Patriots Playoff Picture: What History Tells Us About New England as Every Seed

James Ermilio@jimmyermilioCorrespondent IIIDecember 6, 2012

Remember the good times.
Remember the good times.Al Bello/Getty Images

With their division-clinching win against the Miami Dolphins, the New England Patriots are playoff-bound yet again.  

This year marks the 20th playoff appearance for the Pats organization, and a remarkable 10th in the last 12 years.  New England, behind QB Tom Brady and coach Bill Belichick, has enjoyed an unprecedented run of five Super Bowl appearances and three Lombardi Trophies since 2001.  

With a playoff berth clinched, it's never too early to think about seeding.  Let's take a look at the Patriots teams of old and see how they fared in each seeding position.  

The Top Seed

The Pats have earned the top seed four times in the last nine seasons, including each of the last two. Three of those years—2003, 2007 and 2011—saw the Pats make the Super Bowl.  

No Patriot fan needs to be reminded of the 2007 and 2011 campaigns—especially those of us unfortunate enough to live in the tri-state area last February.  

But, in case you're a glutton for punishment, here's a quick recap of both Super Bowls.  The Pats advanced to the Super Bowl to face the New York Giants, the Giants got interior pressure and kept the game close, a Patriot dropped a catchable, game-sealing pass thrown his way and a Giant made some ridiculous catch he had no business making.

Ouch, that's hard to type.  

Let's get the other recent painful memory of a top-seeded Pats team out of the way, and skirt past the 28-21 loss to the New York Jets in the 2010 divisional round.  Remember the failed fake punt by Patrick Chung?  I try not to.

Alright, on to the good stuff. 

In 2003, a Pats defense bolstered up the middle by new acquisitions Ted Washington and Rodney Harrison rode an undefeated home campaign to the top seed.   They beat the Titans 17-14 in four-degree weather, then picked Peyton Manning four times in the AFC Championship to advance to the Super Bowl.

Super Bowl XXXVIII was a tale of odd and even quarters, with zero points scored in the first and third and 61 combined points scored in the second and fourth.  The Pats, for the second time in three years, won the Super Bowl on a game-winning kick by Adam Vinatieri.

Prior to 2003, the only other Pats team to finish as the top seed was the AFL's Boston Patriots, and they played at Fenway Park.  The Boston Pats (weird to call them that) tied the Buffalo Bills in the AFL Eastern division during the 1963 season.  They beat Buffalo 26-8 to secure the AFL Eastern title.  

In typical pre-Kraft-era fashion, the Patriots advanced to the title game only to get smacked, 51-10 to the San Diego Chargers.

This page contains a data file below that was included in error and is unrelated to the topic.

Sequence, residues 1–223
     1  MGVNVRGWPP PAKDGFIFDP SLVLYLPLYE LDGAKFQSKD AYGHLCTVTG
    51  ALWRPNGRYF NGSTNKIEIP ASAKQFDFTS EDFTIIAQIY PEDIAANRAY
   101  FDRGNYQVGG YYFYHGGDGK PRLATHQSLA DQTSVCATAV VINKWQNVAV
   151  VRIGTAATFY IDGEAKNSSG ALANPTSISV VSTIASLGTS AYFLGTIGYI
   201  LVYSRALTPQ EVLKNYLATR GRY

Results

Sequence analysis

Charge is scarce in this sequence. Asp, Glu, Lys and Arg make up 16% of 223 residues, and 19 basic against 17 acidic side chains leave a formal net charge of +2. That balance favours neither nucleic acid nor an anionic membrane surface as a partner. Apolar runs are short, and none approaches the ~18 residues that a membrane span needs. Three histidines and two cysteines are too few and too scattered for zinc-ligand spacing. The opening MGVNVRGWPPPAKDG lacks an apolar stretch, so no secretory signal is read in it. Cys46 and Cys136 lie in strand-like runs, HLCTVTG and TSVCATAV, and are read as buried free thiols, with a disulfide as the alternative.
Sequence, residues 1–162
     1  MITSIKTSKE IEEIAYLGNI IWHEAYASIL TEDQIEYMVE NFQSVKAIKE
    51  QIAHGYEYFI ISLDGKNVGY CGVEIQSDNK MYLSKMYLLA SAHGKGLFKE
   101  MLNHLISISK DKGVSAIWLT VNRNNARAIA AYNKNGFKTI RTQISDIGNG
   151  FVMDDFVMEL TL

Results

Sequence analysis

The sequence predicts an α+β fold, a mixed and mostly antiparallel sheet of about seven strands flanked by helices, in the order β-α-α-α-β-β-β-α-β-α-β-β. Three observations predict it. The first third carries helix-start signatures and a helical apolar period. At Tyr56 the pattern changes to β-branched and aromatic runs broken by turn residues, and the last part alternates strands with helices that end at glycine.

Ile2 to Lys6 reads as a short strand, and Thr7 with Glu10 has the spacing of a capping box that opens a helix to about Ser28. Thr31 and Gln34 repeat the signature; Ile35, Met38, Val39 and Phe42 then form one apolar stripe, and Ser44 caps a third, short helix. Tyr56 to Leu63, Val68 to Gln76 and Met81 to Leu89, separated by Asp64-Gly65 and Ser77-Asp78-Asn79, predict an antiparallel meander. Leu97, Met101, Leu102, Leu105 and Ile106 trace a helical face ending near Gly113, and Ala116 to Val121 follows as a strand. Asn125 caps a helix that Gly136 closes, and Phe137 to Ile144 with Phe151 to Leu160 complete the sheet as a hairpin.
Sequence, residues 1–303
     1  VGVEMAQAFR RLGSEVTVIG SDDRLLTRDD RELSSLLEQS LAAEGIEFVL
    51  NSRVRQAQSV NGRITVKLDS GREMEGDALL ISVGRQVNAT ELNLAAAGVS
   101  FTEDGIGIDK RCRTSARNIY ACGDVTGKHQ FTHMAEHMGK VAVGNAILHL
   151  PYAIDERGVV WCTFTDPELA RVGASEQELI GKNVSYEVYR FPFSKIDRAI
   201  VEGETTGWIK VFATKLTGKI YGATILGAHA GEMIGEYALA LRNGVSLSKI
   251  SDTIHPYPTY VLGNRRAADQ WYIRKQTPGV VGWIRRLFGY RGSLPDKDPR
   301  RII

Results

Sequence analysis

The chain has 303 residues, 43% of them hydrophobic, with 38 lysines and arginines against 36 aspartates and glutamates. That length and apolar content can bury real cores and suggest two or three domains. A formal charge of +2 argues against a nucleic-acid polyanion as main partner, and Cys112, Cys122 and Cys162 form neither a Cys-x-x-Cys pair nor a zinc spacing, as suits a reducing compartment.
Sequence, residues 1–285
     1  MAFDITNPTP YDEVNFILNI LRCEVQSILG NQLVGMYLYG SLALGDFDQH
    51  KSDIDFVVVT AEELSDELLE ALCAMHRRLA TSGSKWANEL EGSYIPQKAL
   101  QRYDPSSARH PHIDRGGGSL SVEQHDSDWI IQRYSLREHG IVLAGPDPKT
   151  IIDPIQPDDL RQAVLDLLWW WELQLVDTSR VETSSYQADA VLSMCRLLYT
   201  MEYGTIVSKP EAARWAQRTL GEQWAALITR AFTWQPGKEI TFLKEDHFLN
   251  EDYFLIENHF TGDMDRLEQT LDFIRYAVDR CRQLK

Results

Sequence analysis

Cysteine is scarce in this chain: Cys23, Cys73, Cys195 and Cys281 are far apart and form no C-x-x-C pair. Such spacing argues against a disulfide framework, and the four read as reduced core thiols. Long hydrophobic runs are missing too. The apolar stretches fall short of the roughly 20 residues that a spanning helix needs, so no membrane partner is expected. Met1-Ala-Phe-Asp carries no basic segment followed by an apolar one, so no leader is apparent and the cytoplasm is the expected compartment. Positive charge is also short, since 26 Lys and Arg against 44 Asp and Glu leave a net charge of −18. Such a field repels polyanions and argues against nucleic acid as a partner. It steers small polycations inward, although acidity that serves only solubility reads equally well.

The Second Seed

New England has finished as the second seed four times—most recently in their 2004 championship season.  They've had good success as the two seed, with two Super Bowl titles coming from second-seeded Pats teams.  

2001 and 2004 brought the Patriots two of the franchise's first three titles.  

We all know the origin of Tom Brady's transfer to power as the Patriots QB. He came onto the scene in 2001 after franchise QB Drew Bledsoe ruptured his spleen in Week 2.  Brady led the Pats to nine straight wins to close out the season.

The most memorable win, of course, was the Pats' first SB victory against the St. Louis Rams' "Greatest Show on Turf."  The Rams, who had beaten the Pats in a Sunday Night Football matchup earlier in the season, came into the game favored by two touchdowns. 

The Pats surged out to a 17-3 lead thanks to three takeaways, but Rams QB Kurt Warner led his team back and tied the game (with some help from Pats' nemesis Ricky Proehl).  

Then, of course, Brady led one of the great two-minute drives in history, spiritually depantsing not just the Rams but also announcer John Madden, who insisted the Pats should play for OT.  

Then Adam Vinatieri made the Super Bowl-winning, 48-yard kick as time expired—a kick which was featured on the cover of the morning newspaper that's plastered all over my barber's wall to this day.

Four seasons later, the Pats cemented their dynasty with another Super Bowl win over the Philadelphia Eagles.  

The Patriots also made it to the Super Bowl as the second seed in 1996, when they lost to the Green Bay Packers 35-21 in part due to Desmond Howard's 99-yard kickoff return for a TD.

The only other second-seeded Pats team was their 1978 squad, which marched to its first divisional title behind a record-setting 3,165 rushing yards.  The season was effectively torpedoed when head coach Chuck Fairbanks breached his contract by agreeing midseason to coach at the University of Colorado the following year.

The Pats lost 31-14 to the Houston Oilers in the opening round of that year's playoffs.

The Third Seed

The Pats have entered the playoffs as the third seed three times, and are just 1-3 in those playoff games.  Two of those third-seeded seasons came after Super Bowl-losing campaigns.